Volume 50, Issue 4 - April 2015


Build a Stronger Company
How Are You Communicating With Your Employees?

by Paul Bieber

Most glass business owners I speak with spend more time and money communicating with customers than with their employees. There are websites and Facebook pages to maintain, architects and specifiers to visit and, of course, customers. These efforts help the company gain business, make weekly payroll and leave a little left over for you, the owner.

However, I suggest you make your employees, rather than your customers, the fuel that runs your engine. Employees are in front of your customers all day, doing the work they need, and
putting a face on your company.

Company Builders

Your employees can simply be hourly workers or they can be ambassadors of your glass company. How? Try the following; I promise they will help you build your company:

• Clearly share company goals with your staff. Let them know where you want to go so they go in the same

• Give employees feedback on where you are in reaching goals. You don’t have to share bottom-line financials, but you should share sales figures. Read every customer letter—those with praise and the ones with problems yet to solve—to all employees. Share details about credits given to customers for problems, as well as your bad debts. Help them understand that it’s tough to run a good business;

• Have a quarterly meeting with each department or, if you can, the whole company. Talk about what’s coming up, such as the purchase of a new truck, other investments in the works or new products that you’ll be adding;

• A safety discussion is always the most important part of this meeting. You can never cover it often enough;

• Set quarterly goals in productivity, attendance or reductions in materials and supplies. These are items your team has direct contact with. Review these goals for the last quarter and give a small reward such as a gas card or supermarket gift certificate to your team for their successes.

"If you are doing
meaningful annual
reviews, you have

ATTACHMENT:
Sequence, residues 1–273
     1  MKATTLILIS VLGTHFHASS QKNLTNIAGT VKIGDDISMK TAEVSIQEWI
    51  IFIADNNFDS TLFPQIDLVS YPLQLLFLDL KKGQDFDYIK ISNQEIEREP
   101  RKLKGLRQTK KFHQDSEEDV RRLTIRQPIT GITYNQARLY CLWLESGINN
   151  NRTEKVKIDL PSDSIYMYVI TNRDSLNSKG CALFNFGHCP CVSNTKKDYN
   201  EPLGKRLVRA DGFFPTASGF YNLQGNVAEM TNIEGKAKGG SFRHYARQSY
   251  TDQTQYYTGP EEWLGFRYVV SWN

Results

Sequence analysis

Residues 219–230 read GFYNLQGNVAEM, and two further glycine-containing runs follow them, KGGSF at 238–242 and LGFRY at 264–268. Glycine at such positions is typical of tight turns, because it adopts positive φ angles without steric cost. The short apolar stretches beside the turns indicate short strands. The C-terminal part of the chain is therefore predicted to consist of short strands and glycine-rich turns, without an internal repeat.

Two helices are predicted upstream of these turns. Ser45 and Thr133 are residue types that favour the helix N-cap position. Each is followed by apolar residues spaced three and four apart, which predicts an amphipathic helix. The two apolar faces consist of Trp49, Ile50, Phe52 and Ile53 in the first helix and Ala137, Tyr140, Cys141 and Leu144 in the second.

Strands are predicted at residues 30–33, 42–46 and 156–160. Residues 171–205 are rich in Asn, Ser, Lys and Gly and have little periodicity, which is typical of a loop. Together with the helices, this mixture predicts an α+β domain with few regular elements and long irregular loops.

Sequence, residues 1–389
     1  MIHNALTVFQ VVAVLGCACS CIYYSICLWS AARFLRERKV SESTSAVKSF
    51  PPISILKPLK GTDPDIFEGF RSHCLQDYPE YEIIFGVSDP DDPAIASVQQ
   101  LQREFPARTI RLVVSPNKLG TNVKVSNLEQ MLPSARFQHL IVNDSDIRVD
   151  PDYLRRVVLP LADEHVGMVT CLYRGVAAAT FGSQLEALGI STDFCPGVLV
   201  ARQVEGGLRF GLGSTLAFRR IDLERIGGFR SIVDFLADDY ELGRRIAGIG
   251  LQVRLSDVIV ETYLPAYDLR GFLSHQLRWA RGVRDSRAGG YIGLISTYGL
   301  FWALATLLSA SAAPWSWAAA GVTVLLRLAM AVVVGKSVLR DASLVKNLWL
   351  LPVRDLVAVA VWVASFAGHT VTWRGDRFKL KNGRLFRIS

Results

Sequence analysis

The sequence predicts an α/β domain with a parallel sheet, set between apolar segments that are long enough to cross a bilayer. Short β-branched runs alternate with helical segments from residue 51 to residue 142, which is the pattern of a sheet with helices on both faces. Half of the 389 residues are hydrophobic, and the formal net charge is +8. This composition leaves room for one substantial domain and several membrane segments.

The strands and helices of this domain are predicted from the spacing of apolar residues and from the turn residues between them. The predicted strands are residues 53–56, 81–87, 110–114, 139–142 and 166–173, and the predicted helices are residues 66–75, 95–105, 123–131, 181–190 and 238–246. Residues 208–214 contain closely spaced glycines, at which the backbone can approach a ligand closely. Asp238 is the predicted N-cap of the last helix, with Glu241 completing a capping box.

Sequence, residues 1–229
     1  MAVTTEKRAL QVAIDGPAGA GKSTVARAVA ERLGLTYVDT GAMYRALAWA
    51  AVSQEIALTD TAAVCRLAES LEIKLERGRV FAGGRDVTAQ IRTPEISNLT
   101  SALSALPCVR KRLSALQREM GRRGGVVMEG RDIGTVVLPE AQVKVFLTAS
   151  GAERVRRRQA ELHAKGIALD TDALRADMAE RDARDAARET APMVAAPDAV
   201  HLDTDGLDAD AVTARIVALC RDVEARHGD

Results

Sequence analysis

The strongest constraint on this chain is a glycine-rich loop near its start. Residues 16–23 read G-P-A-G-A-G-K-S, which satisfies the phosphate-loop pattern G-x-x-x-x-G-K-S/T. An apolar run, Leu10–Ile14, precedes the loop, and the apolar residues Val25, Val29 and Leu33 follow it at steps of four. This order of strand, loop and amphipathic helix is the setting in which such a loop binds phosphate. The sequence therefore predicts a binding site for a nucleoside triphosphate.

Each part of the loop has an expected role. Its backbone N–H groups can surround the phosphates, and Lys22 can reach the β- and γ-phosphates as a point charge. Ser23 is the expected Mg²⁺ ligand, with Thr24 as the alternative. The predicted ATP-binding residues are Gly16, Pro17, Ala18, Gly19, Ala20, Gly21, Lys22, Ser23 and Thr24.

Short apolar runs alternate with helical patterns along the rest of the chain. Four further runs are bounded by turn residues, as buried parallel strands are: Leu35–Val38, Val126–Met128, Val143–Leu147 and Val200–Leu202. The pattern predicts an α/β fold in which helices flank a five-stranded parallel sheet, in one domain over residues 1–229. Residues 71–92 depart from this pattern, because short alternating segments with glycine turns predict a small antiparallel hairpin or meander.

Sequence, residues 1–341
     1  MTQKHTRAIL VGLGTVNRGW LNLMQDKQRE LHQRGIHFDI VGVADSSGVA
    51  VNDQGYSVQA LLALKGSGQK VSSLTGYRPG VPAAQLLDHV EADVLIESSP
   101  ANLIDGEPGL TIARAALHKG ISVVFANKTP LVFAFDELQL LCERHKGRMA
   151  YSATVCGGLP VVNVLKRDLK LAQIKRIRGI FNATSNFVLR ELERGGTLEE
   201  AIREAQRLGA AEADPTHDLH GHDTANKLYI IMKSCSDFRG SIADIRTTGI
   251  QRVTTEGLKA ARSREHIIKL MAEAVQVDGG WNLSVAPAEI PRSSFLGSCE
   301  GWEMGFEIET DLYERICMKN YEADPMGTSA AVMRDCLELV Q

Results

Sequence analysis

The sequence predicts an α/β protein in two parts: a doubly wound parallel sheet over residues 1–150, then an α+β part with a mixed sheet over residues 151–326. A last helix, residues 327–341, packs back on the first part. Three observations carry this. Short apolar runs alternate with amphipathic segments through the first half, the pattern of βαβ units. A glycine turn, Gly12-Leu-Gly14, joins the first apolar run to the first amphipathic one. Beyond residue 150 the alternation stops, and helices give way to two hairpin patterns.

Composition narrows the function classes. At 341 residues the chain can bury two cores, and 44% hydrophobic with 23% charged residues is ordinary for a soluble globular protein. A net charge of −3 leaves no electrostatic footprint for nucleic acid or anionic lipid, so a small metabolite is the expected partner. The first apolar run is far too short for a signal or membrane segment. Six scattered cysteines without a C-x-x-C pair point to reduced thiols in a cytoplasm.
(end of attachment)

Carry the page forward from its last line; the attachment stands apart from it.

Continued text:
the chance to grow profitably."

Effective Reviews

Now comes the tough part: communicating one-on-one with your employees. A manager or supervisor should have eight to ten direct reports. Less than this and the manager isn’t being used effectively; more than this and he’s spread too thin. Part of being a leader is doing annual employee reviews. Without this, you won’t grow your organization with good people. If you’re doing meaningful annual reviews, you have the chance to grow profitably. A review won’t improve the work of a glazier who can’t read a tape measure, but if you properly prepare for a review, you should see if his scrap rate is too high and know you have to teach him to read his tape better.
Here are some annual review tips:

• Schedule reviews on workers’ employment anniversaries rather than your fiscal year. Give employees a blank copy of the review and ask them to fill it out as if they were reviewing themselves. When you actually meet, compare your reviews; only discuss the areas where you disagree. I’ve found that most employees who are honest rate themselves lower than you will because they know they can improve;

• When you rate an employee below acceptable standards, always have suggestions for improvement, as well as a timetable to follow up on the suggestions;

• In a 45-minute meeting, spend ten minutes going over the previous year and then discuss planning for the coming year. There’s no sense in rehashing last year. It’s over. The future is more important; and

• The annual review is the single most important communication a supervisor has with an employee. Prepare carefully; a supervisor’s supervisor should read and comment on all reviews prior to the employee meeting. n

the author
Paul Bieber has 37 years’ experience in the glass industry, with C.R. Laurence and as executive vice president of
Floral Glass in New York. He is now the principal of Bieber Consulting Group LLC and can be reached at paulbaseball@msn.com. Read his blog on Tuesdays at http://usgpaul.usglassmag.com.

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